IRS Planning Second FAQ Batch on Research Credit Refund Policy - Naomi Jagoda, Bloomberg ($). “The IRS is aiming to release more frequently asked questions soon about research credit refund claims, an agency official said Friday.”

‘A second round of FAQs are currently in process, and the IRS hopes to have them released in the not too distant future,’ said Paul Curtis, director of examination in the Southwest area in the IRS’s Small Business and Self-Employed Division. Curtis spoke at a virtual conference hosted by the American Bar Association’s Tax Section.


Manchin on Reconciliation - Patrick Ambrosio, Bloomberg ($):

Sen. Joe Manchin (D-W.Va.) said Sunday that he sees a government funding package as a higher priority than the stalled reconciliation bill.

The government is currently operating under a continuing resolution that runs until Feb. 18.

‘We have to get a budget bill first,’ Manchin said an appearance on CNN’s ‘State of the Union.’

And an agreement on the funding bill seems distant at this point, according to Punchbowl News:

House and Senate appropriators from both parties negotiated throughout the weekend on a 'topline number' for the FY 2022 spending bills. But the two sides didn’t come to an agreement, according to a half-dozen sources close to the situation.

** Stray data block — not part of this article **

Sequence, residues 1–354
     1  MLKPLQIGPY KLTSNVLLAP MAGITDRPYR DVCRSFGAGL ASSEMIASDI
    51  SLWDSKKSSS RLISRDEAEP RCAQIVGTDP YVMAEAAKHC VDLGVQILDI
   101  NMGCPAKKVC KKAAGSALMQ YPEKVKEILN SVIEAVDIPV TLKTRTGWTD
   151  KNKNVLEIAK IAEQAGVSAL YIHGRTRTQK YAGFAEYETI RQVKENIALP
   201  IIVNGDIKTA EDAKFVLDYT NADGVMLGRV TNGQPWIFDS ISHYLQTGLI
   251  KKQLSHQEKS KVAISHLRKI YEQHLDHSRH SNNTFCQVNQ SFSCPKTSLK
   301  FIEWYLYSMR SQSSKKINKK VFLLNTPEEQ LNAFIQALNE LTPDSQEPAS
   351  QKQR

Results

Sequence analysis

Transition Rules Key to Wyden’s Partnership Rewrite – Kristen Parillo, Tax Notes ($). “The drafters of the partnership tax reform plan released by Senate Finance Committee Chair Ron Wyden, D-Ore., know that thorough transition rules would be needed for the debt allocation rules if the plan were enacted.”

‘Throughout this entire discussion draft, that is something at a staff level that I fully acknowledge we need help on — transition rules, effective dates, and the like,’ said Sarah Schaefer, Democratic senior tax policy adviser for the Senate Finance Committee.

Speaking February 4 at the American Bar Association Section of Taxation virtual meeting, Schaefer explained the thinking behind some of the provisions in Wyden’s September 2021 discussion draft, which calls for sweeping reforms of the partnership tax rules.